March break is right around the corner! We’ve collected a few of our favourite travel tips to help you plan a safe and healthy family trip.
Whether you’re exploring castles in Europe or cruising by coral beaches in the Caribbean, take a few minutes to run through this checklist and make sure your family is ready to travel.
Your March Break checklist: The basics
No matter what your destination, some travel health basics are always important!
- Immunizations: It’s not too late to make sure your immunizations are up to date. Book an appointment with your health provider to ensure that you and your family are good to go.
- Food and water safety: Knowing how to choose safe food and water can help you stay well and avoid unpleasant illnesses like Traveller’s Diarrhea. It’s a good idea to review food and water safety basics with your family before you travel. The golden rule is: Boil it, Cook it, Peel it, or Forget it!
If your child has food allergies, you can prepare them to take an active role in their health away from home. Sometimes kids forget, are too shy, or embarrassed about asking for special requests related to their food allergies (especially if they’re not travelling with you).
Learn more in our kids and food allergies tipsheet.
- Handwashing: Did you know that many travel-related illnesses can be prevented by handwashing? Wash your hands frequently and thoroughly using soap and water (or an alcohol-based hand sanitizer if soap and water aren’t available).
- First aid kit: Pack a first aid kit to deal with scrapes, blisters, allergies, and other common ailments. Dr. Erik McLaughlin offers his advice on how to assemble the perfect travel first aid kit.
- Bed bugs: Staying at a 5-star resort? Bed and breakfast? Homestay? Bed bugs don’t discriminate. Learn how to do a bed bug check and prevent bed bugs from hitching a ride home with you.
Keeping kids safe and healthy
Pediatrician and travel medicine practitioner Dr. Karl Neumann offers a wide range of tips for keeping your youngest travellers healthy. His advice on motion sickness and how to keep kids from getting lost are especially helpful for March Break travel.
- Dealing with motion sickness: Motion sickness can strike on amusement park rides, cruise ships, planes, or in the car – and kids are especially susceptible. Recognize the early symptoms: Your child may curl up or become dizzy, sweaty, or pale. Try to prevent your child from vomiting by distracting them with word games, exposing them to fresh air, avoiding food odours, and having them close their eyes.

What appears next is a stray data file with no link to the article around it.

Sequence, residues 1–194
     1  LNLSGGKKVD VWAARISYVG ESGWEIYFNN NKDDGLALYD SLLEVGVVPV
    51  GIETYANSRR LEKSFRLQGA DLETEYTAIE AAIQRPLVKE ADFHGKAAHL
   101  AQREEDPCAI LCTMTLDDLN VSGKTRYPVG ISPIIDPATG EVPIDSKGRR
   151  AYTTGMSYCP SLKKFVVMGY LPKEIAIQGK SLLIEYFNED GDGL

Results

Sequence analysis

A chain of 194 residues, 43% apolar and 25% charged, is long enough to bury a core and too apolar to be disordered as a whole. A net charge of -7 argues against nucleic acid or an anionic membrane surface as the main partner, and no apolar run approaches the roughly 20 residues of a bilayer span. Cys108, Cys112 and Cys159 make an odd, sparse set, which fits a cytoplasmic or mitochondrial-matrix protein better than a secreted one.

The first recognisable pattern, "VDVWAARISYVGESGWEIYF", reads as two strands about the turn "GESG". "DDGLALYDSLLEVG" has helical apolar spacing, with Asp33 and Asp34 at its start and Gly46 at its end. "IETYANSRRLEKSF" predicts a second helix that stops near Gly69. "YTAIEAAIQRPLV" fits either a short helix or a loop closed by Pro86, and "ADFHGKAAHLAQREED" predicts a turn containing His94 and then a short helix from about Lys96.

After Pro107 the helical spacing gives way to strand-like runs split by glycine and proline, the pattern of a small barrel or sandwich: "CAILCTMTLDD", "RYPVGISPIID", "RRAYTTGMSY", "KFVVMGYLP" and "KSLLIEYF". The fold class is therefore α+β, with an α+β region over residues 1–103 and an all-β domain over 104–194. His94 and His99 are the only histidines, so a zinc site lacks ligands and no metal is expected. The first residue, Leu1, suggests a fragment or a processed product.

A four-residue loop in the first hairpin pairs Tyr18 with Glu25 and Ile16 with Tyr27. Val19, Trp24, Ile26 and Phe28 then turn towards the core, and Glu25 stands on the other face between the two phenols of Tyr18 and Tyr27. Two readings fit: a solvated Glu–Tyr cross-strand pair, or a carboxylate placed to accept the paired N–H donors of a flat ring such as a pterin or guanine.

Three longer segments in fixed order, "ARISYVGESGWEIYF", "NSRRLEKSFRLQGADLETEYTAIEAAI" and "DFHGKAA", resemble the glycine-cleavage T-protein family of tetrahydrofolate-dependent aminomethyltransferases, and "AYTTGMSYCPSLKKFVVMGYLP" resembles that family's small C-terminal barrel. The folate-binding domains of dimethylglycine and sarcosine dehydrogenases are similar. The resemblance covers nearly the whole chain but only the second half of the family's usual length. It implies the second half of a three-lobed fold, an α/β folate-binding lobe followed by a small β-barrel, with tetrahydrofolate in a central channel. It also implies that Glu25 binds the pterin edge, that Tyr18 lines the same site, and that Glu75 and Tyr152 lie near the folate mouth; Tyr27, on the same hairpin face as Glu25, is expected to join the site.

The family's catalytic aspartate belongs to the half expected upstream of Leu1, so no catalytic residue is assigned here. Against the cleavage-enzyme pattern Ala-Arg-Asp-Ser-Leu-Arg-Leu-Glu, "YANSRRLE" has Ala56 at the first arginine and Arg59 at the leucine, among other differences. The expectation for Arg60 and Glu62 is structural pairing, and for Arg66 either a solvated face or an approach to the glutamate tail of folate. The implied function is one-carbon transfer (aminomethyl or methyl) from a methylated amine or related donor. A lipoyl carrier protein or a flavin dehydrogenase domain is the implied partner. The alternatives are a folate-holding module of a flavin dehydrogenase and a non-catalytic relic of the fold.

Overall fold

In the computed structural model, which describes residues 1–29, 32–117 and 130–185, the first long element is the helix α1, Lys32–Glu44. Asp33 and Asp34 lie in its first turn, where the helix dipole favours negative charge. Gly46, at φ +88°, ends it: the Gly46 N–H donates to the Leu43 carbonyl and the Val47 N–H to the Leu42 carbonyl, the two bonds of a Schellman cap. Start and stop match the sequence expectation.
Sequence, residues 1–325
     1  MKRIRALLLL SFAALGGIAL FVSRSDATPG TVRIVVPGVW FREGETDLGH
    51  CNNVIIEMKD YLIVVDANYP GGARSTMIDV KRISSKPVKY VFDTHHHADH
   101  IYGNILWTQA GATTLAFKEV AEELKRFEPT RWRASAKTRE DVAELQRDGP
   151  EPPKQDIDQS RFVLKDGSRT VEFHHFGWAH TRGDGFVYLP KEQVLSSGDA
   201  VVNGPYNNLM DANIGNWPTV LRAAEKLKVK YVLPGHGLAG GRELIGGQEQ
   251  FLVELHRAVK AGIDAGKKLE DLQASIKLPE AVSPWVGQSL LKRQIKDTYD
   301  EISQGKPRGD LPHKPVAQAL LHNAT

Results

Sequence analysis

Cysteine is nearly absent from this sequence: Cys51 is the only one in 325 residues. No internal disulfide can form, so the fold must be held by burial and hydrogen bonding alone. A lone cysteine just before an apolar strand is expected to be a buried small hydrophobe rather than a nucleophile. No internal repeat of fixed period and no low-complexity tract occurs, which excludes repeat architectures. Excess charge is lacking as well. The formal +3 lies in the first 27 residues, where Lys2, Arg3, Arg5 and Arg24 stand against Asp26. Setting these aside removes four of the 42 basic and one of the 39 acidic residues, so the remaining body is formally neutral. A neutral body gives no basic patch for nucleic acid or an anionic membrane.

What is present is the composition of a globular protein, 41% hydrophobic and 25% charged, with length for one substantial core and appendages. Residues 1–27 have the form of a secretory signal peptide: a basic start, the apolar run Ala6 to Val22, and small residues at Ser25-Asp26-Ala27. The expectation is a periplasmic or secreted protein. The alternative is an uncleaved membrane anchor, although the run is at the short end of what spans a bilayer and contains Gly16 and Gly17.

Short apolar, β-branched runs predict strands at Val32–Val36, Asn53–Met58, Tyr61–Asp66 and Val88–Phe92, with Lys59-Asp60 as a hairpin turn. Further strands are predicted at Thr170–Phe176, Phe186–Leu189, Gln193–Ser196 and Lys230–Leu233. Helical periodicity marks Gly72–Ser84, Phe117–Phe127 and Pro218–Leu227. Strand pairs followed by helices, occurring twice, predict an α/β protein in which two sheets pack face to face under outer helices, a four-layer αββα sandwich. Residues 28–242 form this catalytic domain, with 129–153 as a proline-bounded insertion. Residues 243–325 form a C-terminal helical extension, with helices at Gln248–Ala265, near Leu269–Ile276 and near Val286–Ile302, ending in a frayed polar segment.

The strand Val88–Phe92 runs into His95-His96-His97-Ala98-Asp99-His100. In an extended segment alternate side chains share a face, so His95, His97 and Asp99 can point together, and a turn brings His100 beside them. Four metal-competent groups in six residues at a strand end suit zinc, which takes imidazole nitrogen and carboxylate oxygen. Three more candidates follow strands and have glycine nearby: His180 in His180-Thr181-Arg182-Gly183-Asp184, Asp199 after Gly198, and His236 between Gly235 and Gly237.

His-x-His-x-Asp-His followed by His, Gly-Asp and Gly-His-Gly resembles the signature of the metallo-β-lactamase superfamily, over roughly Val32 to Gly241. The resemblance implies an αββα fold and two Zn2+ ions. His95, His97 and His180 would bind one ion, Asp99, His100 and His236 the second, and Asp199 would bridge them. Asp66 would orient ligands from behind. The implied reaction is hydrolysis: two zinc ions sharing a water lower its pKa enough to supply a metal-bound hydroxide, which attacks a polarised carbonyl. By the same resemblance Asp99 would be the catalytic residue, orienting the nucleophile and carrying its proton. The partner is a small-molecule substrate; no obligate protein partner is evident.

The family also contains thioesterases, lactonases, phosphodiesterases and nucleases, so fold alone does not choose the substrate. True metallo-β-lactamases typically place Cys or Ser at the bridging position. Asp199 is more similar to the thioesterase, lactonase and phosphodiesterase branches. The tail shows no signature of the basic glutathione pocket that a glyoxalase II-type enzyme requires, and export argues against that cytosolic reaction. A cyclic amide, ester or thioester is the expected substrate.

- Do your kids know when to hug a tree? Getting lost can be a scary experience for young children. Teach young children to stay put if they lose sight of you. Make sure that older children understand where you will meet them if you do become separated.
Sun holidays and cruises
Going south for March break? Keep these tips in mind while you enjoy your sun vacation.
- Don’t forget sun protection: There’s no such thing as a healthy tan. Sun protection is essential year-round, especially for kids. Avoid sun exposure by staying in the shade if possible. Kids over 6 months of age should use SPF 30 sunscreen and re-apply often if they’re swimming or sweating heavily. (Sunscreen is not recommended for infants younger than 6 months. Keep them in the shade instead.) Wearing hats, sunglasses, and lightweight long-sleeved clothing also reduces your sun exposure.
- Using sunscreen and insect repellent at the same time: Apply sunscreen first and repellent second. Insect repellent can reduce the efficacy of sunscreen, so it’s best to reapply sunscreen often or wear long clothing.
- At the beach, sit on a towel and wear shoes or sandals: Hookworm (also known as Cutaneous Larva Migrans) is an itching skin infection acquired by sitting or walking barefoot on contaminated sand or soil. To avoid it, always wear shoes or sandals, sit on a towel at the beach and wash it after each use, and wash your hands and feet with soap and water after touching sand or soil. Children should wash thoroughly with soap and water after playing in the sand.
- Staying well on a cruise: Cruises are becoming more and more popular. Many cruise ships have a doctor on board, but the close quarters of a cruise ship can affect your health. If you’re planning a cruise, check out our tipsheet on how to be healthy on a cruise.
Article by Daphne Hendsbee.